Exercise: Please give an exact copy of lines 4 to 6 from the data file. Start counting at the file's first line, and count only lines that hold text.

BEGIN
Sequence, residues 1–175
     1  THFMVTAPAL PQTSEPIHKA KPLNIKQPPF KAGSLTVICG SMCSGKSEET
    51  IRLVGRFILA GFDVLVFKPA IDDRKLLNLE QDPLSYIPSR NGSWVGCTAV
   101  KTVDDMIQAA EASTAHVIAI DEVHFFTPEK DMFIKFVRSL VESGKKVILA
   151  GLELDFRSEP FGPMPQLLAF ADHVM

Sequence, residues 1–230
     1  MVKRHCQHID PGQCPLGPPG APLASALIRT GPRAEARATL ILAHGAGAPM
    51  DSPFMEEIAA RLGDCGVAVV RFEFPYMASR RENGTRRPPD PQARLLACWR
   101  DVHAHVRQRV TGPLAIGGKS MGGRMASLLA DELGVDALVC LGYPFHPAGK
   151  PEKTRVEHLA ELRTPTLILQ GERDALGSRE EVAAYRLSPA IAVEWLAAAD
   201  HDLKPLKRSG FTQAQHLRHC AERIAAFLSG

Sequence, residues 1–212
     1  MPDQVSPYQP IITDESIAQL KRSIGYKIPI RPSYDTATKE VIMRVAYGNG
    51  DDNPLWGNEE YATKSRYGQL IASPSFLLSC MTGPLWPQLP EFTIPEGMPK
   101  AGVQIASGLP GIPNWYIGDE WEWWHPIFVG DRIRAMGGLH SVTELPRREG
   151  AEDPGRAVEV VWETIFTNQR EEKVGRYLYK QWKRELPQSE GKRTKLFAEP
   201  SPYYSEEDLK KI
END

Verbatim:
   101  KTVDDMIQAA EASTAHVIAI DEVHFFTPEK DMFIKFVRSL VESGKKVILA
   151  GLELDFRSEP FGPMPQLLAF ADHVM

Sequence, residues 1–230